This time we have Reviews of the visit to Renishaw, and of the September and October talks, photographs by courtesy of Michael Clinch of our Autumn Luncheon on the website version and finally a short article on the "Dynasphere" obtained from the South Western Electricity Historical Society. A video presentation accompanies this latter item on the website - let me know how you find this experimental presentation.
Seasons Greetings To You All.
Talk by Marcus Palmén
A talk by Mr David Kerr, formerly Chief Design Engineer of Sir Robert McAlpine given to Joint RPEC and SWEHS meeting held on 10th Oct. 2007 at Bristol.
Mr Kerr started by outlining the background. Much would be the result of work by the Severn Tidal Power Group, the Sir Robert McAlpine, Balfour Beatty, Taylor Woodrow and Alstom consortium. The first major study by Bondi produced EP (Energy Paper) 46 in 1981. A tripartite study, EP57 – 1989, costing £4 x106, defined the present scheme. A Definition Study was produced in 2002 for the DTI. If work started soon, the scheme could be producing power by 2017 – the La Rance Scheme at St Malo in northern France is already forty years old.
Addressing the technicalities he outlined the various options, showing that “ebb generation” was preferable to “flood” or “two-way”. Positioning proposals ranged from The Shoots, just north of the first Severn crossing at Aust, clear of significant shipping interests, right down to a north-south line slightly west of Minehead. The preferred scheme has the barrage running approximately NW from just south of Brean Down to Lavernock Point south of Cardiff, via Steep Holm. The anticipated annual output would be 17 TWh, representing approximately 5% of the UK total consumption, from an installed capacity of 8.64 GW. The barrage would make no contribution to the “renewables” obligation of the UK of 15% by 2015, but could provide the whole 17 TWh of the next tranche to 20% by 2020, provided it is sanctioned soon. Electricity costs might be 6-7 pence per unit.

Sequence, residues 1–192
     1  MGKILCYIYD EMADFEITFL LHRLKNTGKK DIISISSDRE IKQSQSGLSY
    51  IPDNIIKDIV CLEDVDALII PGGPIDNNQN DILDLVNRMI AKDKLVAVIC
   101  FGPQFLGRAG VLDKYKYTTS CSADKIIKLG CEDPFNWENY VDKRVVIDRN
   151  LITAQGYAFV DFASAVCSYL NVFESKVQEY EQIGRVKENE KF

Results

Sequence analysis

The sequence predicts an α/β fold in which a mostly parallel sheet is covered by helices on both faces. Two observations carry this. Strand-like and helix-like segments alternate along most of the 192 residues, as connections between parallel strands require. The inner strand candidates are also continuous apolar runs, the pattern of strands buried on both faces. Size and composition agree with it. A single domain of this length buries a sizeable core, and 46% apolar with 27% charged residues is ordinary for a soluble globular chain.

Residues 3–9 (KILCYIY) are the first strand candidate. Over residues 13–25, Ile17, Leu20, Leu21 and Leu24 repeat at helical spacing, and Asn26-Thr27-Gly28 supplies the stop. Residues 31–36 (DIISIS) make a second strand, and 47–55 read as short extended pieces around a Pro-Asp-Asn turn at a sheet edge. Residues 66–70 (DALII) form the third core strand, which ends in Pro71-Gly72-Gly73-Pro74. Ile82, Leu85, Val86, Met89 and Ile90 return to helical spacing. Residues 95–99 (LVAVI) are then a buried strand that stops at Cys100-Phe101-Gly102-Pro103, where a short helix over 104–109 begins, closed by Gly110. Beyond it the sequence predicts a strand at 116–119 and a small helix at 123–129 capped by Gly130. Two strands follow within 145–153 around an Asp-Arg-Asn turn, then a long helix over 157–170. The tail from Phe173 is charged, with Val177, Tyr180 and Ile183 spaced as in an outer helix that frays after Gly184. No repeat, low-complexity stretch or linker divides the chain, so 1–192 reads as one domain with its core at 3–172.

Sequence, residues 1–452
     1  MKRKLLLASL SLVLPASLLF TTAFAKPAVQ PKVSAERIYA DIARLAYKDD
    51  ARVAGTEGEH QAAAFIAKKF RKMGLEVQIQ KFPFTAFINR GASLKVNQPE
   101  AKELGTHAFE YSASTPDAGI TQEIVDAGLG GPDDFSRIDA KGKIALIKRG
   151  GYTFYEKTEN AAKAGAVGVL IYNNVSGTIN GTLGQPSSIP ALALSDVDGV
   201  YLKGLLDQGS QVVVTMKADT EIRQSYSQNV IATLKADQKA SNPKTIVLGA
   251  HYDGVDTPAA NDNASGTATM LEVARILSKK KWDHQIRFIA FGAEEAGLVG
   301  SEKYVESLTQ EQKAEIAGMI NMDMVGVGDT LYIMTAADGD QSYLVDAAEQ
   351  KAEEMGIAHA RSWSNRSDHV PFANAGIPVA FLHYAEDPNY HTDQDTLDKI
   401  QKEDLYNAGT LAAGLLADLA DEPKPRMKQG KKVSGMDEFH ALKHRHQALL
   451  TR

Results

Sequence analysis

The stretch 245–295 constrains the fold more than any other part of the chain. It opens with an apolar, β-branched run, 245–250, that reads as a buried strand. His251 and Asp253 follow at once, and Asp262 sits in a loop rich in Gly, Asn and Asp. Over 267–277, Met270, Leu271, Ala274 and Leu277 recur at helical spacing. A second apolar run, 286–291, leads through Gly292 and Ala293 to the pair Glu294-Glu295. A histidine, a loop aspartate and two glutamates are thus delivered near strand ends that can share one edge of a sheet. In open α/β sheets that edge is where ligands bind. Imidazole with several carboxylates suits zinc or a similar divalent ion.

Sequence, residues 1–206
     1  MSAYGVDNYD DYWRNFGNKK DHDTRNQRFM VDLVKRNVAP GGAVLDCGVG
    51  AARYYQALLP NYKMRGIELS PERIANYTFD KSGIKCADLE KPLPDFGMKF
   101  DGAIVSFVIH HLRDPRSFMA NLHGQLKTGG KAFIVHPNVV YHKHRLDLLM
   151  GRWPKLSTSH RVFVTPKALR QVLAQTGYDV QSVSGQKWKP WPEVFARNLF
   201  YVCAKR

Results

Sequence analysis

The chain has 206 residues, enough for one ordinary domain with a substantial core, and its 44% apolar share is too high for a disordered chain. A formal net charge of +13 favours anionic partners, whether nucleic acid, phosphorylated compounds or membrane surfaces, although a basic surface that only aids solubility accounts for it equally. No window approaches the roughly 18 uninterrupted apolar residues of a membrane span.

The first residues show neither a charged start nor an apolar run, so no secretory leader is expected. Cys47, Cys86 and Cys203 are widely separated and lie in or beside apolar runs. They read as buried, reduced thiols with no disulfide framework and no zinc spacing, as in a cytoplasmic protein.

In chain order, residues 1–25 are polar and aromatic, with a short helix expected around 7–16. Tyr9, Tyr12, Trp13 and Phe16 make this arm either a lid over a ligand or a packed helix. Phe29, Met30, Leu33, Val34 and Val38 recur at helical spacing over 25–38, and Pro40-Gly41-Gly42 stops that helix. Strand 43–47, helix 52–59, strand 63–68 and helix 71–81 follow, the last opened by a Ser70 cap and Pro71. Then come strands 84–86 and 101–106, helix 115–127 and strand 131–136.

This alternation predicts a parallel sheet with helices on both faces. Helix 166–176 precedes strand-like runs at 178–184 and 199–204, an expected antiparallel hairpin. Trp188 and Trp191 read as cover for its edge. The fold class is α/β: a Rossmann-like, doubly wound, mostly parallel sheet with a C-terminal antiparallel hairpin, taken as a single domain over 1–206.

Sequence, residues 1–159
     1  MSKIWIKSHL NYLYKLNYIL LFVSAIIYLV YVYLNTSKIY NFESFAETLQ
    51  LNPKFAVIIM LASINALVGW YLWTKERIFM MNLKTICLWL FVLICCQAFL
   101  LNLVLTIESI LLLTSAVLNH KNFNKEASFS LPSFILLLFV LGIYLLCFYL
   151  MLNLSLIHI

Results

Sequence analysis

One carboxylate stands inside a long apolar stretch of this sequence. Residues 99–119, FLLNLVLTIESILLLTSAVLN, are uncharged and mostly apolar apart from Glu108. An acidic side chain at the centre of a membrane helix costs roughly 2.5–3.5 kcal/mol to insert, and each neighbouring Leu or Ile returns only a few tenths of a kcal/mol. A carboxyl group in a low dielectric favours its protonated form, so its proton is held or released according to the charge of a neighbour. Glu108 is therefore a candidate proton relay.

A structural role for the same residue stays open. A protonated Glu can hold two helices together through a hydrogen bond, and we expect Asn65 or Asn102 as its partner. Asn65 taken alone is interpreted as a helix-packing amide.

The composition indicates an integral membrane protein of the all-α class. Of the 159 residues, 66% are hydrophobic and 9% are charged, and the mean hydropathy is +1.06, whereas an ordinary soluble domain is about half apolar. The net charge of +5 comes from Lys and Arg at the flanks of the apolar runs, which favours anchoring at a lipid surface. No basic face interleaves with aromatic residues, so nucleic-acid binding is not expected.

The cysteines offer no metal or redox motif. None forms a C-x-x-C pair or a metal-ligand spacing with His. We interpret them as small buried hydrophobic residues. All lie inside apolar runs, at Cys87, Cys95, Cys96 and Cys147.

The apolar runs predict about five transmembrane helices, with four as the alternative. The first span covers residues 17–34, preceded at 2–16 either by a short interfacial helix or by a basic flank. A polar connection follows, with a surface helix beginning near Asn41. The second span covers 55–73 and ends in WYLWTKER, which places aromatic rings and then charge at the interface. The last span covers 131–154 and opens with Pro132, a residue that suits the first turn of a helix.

In 1989 the projected capital cost was £8 billion, rising to £14-15 billion by 2005, but re-estimating would be essential because of various changes since then. The environmental lobby feels neglected, but in 1989 50% of the cost of the estimates was spent on seventy environmental studies. While there would be environmental negatives, there would be a significant number of positive outcomes. There may be an environmental balance achieved, but all issues would be studied. He emphasized that openness is a prerequisite for success in a project of this magnitude.
The barrage would be able to carry a road and rail link if factored in early, but there are doubts about this. The generator cells would necessarily lie in the deepest parts of the channel and would be formed from prefabricated caissons 80m square. These would house the total of 214 generators driven by 9m diameter bulb turbines, a tried and tested 40MW design. After a 4 year re-appraisal, construction would take six years and 200,000 man-years, providing 35,000 jobs at the peak and leading to between 10,000 and 40,000 permanent new jobs in the region around the estuary. [There is some background information, replicating some of Mr Kerr’s illustrations, at www.reuk.co.uk/UK-Hydro-Power-Stations.htm .]